Christmas music programming. Is it good or bad? Right or wrong? Hip or stale?
Viewed simply as a programming tactic, programming all Christmas music is about as crazy as it gets. Let’s see, your listeners come to you because you play the music they love – Chris Tomlin, Big Daddy Weave, Hercules and the Chicken Fat People.
Now you’ve decided to stop playing all the music that they love. That’s like ESPN deciding to stop carrying sports. How in the name of Bill Gaither is THAT supposed to be a good idea?
However, viewed as a programming strategy it’s a different thing altogether.
In our format the biggest barrier for growth is that new listeners don’t know the music. Since everyone’s favorite station is the station that plays their favorite music, it’s virtually impossible for someone to become a fan of your station if they don’t know the music. RISK impedes adoption.
RISK is something every business, every product, and every radio station must overcome in the Adoption process.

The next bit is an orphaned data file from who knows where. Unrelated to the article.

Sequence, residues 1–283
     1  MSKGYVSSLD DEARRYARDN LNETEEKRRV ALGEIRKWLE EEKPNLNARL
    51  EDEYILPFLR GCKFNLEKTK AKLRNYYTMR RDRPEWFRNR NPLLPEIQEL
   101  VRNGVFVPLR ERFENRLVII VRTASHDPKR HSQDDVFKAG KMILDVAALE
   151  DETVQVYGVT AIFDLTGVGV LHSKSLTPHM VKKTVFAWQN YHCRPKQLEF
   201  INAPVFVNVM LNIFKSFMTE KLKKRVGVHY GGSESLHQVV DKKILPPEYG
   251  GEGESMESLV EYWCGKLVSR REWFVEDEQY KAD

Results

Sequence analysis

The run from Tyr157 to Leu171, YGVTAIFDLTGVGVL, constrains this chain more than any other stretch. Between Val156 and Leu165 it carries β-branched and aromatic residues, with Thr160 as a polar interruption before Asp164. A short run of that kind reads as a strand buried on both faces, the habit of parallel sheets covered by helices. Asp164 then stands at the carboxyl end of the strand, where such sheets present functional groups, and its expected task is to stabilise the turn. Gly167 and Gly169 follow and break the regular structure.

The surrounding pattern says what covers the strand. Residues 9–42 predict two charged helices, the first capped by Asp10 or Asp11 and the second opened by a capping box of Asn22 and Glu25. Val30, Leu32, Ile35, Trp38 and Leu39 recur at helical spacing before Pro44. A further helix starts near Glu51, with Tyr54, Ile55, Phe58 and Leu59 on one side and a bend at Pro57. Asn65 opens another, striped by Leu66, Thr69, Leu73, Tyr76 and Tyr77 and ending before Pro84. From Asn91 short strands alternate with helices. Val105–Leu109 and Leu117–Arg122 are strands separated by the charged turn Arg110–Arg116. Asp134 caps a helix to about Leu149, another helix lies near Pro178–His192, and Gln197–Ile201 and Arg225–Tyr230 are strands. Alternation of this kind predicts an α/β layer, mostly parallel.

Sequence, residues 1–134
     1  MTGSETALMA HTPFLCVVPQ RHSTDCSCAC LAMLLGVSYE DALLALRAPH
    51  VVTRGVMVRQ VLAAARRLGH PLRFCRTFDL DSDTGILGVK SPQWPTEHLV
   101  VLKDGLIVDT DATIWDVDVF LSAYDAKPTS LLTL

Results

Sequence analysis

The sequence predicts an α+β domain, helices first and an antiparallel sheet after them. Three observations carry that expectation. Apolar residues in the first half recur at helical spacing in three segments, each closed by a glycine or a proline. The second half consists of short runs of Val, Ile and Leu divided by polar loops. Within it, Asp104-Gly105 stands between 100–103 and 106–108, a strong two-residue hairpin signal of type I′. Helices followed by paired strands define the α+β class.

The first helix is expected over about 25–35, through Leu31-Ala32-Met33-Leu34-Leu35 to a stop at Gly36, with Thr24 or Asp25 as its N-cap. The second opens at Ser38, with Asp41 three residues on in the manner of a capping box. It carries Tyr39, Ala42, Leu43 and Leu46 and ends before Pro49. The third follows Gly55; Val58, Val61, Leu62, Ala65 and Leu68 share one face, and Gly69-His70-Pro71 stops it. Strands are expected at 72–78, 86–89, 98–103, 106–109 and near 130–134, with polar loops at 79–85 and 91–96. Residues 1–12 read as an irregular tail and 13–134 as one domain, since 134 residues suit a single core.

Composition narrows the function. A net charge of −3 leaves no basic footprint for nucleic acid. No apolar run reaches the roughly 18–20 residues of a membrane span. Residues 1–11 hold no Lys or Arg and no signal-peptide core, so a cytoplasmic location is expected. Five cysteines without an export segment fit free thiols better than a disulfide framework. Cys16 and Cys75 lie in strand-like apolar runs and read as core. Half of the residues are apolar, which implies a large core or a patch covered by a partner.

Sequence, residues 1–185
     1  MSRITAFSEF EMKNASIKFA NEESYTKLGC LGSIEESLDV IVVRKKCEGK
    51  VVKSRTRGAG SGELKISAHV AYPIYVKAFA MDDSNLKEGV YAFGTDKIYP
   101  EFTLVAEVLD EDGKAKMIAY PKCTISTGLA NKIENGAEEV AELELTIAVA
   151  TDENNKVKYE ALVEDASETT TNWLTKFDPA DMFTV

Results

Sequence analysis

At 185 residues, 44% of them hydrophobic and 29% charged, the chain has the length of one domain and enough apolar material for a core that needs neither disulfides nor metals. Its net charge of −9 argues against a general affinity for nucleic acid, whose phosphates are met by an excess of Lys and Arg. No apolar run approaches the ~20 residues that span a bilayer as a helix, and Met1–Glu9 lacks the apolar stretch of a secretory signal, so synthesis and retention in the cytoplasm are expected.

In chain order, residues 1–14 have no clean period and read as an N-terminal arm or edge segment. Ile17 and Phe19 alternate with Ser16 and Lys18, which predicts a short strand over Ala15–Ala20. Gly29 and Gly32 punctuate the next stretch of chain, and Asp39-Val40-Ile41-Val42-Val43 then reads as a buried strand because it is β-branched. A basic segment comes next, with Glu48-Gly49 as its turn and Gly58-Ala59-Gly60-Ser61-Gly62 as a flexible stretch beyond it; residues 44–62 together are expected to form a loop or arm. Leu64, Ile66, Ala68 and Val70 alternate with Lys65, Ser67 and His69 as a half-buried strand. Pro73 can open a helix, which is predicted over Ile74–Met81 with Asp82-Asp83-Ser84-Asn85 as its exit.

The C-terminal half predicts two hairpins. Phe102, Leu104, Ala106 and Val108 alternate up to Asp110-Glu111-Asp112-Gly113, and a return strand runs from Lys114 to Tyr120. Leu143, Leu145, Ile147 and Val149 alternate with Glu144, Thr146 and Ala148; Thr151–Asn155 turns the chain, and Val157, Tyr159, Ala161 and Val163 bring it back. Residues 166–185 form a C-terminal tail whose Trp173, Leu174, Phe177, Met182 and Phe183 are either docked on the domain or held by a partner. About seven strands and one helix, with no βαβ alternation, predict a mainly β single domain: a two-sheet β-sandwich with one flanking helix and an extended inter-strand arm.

No one you’ve ever met has said that their favorite hamburger is from McDonalds. And yet McDonalds is the 6th most valuable brand in the world according to Forbes.
How’d that happen? It’s not because they have the best burger, but because they flawlessly deliver a consistent experience whether in Dallas, Dublin, or Dubai. (And their bathrooms are clean, thankyouverymuch!)
In other words, McDonalds has virtually eliminated RISK.
When done well Christmas music programming totally eliminates RISK for a new listener.
I’ll never forget the story told to me by my talented friend Tom Fridley. He spent a season working in the post office, where the dozens of employees went about their business of sorting the mail isolated in their cubicles listening on the headphones to their individual pop, country, rock, or AC station.
But something interesting happened when the Christmas music started. The headphones came off, and everyone in the office listened to one station – the station that played Christmas music.
“There was a time when our community was defined by our neighbors in a geographic sense. Today, our communities are based on shared interests, not shared sidewalks.” Mark Ramsey
Christmas is the largest possible “shared interest” for our format, allowing our stations to become instantly familiar as we connect to Christmas memories, shopping, decorating the tree, the local parade, the neighborhoods with the best Christmas lights, the dynamics of family get togethers, and the church Christmas pageant.
Tactically, programming all Christmas music makes no sense at all.
Strategically, it may the be the most important decision for growth that you’ll ever make.